[Python-ideas] New pattern-matching library (was: str.split with multiple individual split characters)
jnoller at gmail.com
Wed Mar 2 03:47:53 CET 2011
On Tue, Mar 1, 2011 at 7:47 PM, Guido van Rossum <guido at python.org> wrote:
> On Tue, Mar 1, 2011 at 4:23 PM, geremy condra <debatem1 at gmail.com> wrote:
>> Well, you've noticed yourself how many times the same ideas and
>> questions show up on python-ideas, and how often people think they're
>> the first ones to come up with it. You've also noted that there are
>> more productive problems that people interested in contributing could
>> solve. ISTM that there may be an opportunity to kill two birds with
>> one stone in that.
>> Specifically, I'd suggest starting by putting together a wishlist and
>> a do-not-want-list from some of the core devs and putting it in a
>> prominent place on python.org. That should be fairly easy, and if it
>> doesn't seem to be getting the amount of traffic that it would need to
>> succeed there are a number of good ways to tie it in to other venues-
>> adding tickets to the bug tracker, putting it in a newsletter, having
>> this list spit back an email mentioning it whenever someone starts a
>> new thread, mentioning it on slashdot, etc. It might also be a good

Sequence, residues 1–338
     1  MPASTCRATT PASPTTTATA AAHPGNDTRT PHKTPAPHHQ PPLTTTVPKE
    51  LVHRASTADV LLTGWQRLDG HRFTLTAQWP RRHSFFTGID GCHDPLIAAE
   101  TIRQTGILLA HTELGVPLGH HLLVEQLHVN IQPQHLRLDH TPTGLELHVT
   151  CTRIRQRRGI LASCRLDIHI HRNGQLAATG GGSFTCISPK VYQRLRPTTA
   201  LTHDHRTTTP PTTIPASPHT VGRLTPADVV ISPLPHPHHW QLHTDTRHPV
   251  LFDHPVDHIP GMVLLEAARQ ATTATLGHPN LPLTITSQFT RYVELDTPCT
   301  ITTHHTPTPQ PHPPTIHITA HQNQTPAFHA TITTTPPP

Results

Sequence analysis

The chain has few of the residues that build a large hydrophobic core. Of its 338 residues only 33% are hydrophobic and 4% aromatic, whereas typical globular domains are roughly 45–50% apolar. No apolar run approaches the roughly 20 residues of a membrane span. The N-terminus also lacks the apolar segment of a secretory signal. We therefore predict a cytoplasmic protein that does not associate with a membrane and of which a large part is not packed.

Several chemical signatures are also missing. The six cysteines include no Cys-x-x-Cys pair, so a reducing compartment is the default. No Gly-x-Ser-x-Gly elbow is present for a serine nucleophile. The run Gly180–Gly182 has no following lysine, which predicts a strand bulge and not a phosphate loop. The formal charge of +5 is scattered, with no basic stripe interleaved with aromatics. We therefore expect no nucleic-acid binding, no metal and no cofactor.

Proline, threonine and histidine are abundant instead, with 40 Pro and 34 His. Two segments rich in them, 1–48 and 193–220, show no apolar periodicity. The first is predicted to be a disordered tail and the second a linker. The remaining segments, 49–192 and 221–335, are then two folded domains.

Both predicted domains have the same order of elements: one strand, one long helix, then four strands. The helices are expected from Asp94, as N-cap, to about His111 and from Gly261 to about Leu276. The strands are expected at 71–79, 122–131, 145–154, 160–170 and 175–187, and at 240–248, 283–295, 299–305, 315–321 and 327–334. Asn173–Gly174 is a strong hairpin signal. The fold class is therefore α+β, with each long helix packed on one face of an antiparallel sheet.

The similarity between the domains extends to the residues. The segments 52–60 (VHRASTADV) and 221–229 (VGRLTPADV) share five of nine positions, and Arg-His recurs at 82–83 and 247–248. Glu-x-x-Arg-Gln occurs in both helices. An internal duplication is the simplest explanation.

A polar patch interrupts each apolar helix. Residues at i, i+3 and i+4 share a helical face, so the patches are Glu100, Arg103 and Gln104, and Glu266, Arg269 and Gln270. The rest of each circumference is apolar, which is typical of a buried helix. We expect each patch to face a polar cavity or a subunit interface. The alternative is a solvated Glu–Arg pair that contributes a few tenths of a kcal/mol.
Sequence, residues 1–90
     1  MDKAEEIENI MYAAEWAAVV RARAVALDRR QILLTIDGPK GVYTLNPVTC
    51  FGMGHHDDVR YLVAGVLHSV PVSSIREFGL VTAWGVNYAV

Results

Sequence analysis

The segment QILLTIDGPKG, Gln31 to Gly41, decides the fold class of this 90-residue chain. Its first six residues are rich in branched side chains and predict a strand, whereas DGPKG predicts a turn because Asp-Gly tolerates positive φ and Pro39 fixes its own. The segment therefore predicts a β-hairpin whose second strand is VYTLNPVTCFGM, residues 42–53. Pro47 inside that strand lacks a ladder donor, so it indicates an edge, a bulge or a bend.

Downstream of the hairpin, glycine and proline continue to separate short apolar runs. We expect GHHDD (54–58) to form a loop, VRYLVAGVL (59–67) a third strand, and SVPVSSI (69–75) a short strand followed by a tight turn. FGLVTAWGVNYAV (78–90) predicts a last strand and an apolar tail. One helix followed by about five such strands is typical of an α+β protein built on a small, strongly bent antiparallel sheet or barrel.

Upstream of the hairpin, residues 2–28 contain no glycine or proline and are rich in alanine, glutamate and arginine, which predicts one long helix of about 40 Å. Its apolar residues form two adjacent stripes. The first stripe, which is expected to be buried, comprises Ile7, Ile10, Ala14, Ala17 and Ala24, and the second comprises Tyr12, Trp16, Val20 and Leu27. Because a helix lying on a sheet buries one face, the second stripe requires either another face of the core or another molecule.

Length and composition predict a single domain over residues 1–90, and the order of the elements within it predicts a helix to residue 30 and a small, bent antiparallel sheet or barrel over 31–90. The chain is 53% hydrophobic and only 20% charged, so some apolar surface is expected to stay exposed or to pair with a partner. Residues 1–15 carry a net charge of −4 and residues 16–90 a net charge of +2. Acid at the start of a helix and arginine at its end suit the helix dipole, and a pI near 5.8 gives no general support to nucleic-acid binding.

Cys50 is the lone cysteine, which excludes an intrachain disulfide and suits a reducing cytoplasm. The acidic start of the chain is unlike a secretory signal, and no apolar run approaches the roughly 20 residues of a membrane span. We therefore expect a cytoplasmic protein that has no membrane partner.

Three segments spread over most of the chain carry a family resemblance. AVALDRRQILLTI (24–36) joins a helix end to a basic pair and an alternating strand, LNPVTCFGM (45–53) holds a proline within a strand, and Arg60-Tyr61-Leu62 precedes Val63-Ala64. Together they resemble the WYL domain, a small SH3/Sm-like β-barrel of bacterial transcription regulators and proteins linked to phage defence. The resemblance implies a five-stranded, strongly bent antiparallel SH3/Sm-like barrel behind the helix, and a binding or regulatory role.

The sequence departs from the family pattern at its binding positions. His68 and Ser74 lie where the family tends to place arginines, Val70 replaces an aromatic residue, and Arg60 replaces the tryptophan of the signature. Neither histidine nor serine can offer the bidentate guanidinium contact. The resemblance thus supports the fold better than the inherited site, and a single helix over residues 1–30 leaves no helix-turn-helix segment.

>> way to take advantage of the sprints board, by specifically asking
>> groups that have done successful sprints in the past to look at these
>> ideas and see if they can come up with good ways to solve them. None
>> of that requires a huge outlay of cash or resources.
>> If this was successful, it might be a good idea to look at providing
>> some in-Python support for those working on the wishlist items. With
>> the hg transition already underway it seems like this should be fairly
>> easy- just create an hg repo for the project in question and link it
>> to a page on PyPI. Depending on the size of the project, amount of
>> interest, timescale, and stage of maturity development discussion
>> could take place either on the wiki, here, stdlib-sig, in their own
>> google group, etc. Again, nothing requiring substantial outlay or
>> time. The only investment required would be the effort of marketing
>> the list as a whole.
>> From there, it would just be a question of what direction to take. I
>> can envision a lot of projects like this or Raymond Hettinger's idea
>> for a stats module eventually seeing inclusion, but there are also a
>> lot of possible tools where maintaining a relationship similar to the
>> Apache Foundation and its projects might be for the best.
>> I suspect it goes without saying, but I'd be happy to help out with
>> this, and especially with PyCon coming up its a good time to put many
>> eyes on problems like these.
> Okay, I get it now. I don't know how many core developers are actually
> following python-ideas. If you are serious about putting time into
> this yourself, maybe the best thing you could do would be to start a
> draft for such a document, put it in the Wiki (with some kind of
> "draft" or "tentative" disclaimer) and post it to python-dev (as well
> as here) to get the core devs' attention.
It also might work as an appendix to the dev guide, though that's Brett's call
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